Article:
Friday, November 14, 2014

Understanding a forage report

Not sure whether the bale in the feeder is providing the ewes what they need? Run a forage test to find out what's really in there. 

The majority of my Monday involved taking advantage of the final hours of 2014's short sleeve weather. The goal? Take core samples of our baleage before winter's chill sets in. The core samples were then sent to a forage lab where the results would tell us everything we wanted to know about our baleage and then some more.

Why wait until November to take? We made baleage, which needs a few weeks to cure before it's considered ready. Our last batch was made in mid-September, so I waited until those bales were ready and tested all the batches in one go.

Results came back Wednesday and I had to remind myself of what some of the terms and initialisms on the forms meant. Below are a few of the terms that can be found in a forage report. If you have any questions, I suggest talking to one of your extension nutritionists. They know these terms pretty well (and they don't have to look them up either).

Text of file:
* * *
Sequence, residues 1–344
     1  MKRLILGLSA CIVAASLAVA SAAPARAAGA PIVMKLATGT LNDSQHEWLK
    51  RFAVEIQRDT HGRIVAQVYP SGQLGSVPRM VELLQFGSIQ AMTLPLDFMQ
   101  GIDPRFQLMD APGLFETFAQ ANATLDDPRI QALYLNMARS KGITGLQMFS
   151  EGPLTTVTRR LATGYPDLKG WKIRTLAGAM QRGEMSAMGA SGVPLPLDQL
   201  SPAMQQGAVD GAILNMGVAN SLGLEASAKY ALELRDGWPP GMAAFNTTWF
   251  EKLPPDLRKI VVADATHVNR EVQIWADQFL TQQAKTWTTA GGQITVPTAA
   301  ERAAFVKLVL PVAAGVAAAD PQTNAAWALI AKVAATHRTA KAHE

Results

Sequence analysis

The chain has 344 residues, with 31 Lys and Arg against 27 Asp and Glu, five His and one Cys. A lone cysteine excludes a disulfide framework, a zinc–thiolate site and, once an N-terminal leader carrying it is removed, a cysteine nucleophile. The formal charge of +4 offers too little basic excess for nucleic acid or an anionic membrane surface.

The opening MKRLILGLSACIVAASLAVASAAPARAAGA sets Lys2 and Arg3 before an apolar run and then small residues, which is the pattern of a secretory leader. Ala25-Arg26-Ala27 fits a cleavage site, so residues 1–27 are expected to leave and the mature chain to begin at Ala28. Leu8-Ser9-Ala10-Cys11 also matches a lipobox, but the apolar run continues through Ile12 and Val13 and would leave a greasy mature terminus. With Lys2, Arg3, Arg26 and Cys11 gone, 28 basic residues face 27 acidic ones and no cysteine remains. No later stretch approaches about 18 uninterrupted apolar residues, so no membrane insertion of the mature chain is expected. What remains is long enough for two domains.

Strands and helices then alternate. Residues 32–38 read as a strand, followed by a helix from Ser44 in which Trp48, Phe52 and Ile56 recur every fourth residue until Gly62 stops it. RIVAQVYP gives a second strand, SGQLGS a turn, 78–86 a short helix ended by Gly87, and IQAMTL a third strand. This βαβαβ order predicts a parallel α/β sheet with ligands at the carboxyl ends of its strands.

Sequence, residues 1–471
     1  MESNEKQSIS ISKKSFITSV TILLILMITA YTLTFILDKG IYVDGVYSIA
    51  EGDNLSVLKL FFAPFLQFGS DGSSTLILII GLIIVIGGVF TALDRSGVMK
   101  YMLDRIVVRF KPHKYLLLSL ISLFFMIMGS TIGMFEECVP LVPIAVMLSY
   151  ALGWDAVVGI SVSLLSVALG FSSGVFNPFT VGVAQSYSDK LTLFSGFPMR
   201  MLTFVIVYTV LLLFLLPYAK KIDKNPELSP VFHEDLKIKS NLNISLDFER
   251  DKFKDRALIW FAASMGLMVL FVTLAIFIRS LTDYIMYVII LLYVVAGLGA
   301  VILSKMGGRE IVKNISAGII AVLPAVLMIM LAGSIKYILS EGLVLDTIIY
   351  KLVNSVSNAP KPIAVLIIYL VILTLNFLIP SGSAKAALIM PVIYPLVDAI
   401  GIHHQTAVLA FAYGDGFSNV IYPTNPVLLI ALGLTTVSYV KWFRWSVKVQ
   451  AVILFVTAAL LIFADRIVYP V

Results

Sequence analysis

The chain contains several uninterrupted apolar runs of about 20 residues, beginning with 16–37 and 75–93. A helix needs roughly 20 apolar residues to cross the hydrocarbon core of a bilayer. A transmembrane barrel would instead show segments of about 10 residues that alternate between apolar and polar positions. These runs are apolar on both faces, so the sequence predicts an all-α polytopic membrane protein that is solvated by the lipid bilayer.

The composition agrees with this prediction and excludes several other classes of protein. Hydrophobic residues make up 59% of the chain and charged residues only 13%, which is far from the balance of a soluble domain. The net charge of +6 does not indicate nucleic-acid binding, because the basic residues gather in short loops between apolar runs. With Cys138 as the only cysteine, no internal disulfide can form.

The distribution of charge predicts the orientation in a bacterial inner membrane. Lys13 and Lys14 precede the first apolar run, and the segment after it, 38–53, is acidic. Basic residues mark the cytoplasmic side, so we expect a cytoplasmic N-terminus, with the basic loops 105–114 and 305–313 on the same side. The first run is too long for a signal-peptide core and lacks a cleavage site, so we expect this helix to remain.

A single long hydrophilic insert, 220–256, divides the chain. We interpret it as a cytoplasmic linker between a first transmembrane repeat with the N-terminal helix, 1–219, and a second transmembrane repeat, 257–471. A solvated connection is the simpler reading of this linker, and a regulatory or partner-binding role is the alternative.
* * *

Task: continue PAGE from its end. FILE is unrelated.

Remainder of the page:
Glossary of (basic) terms:

ADFAcid Detergent fiber. The least digestible fiber (higher the number the poorer the forage).
Ashmineral content of the feed (inorganic matter in the feedstuff). 
Crude Protein—nitrogen from protein as well as non-protein nitrogen sources such as ammonia, DNA and RNA. 
DMIestimated level of intake an animal must consume of a ration that contains the energy concentration recommended by nutrient tables.
Dry mattereverything in the feed except water
Fatamount of crude fat in the forage.
Lignincomponent of cell walls that is indigestible.
Moistureamount of water in the forage.
NDF—Neutral detergent fiber, makes up the bulky part of the plant. 
NEG(net energy for gain or growth) estimate of energy available used for weight gain once maintenance is achieved.  
NEL(net energy for lactation) estimate of energy available for lactation after needs for maintenance have been met. 
NEM(net energy for maintenance) estimate of available energy to keep the animal as is.
NFC—Non-fibrous carbohydrates (sugars, starches)
pHmeasure of acidity or alkalinity.
RFVrelative feed value. 100 is considered average. 
Soluble Proteinprotein that is able to be broken down in the rumen.
TDNtotal digestible nutrients. Also a measure of the energy value of the feedstuff.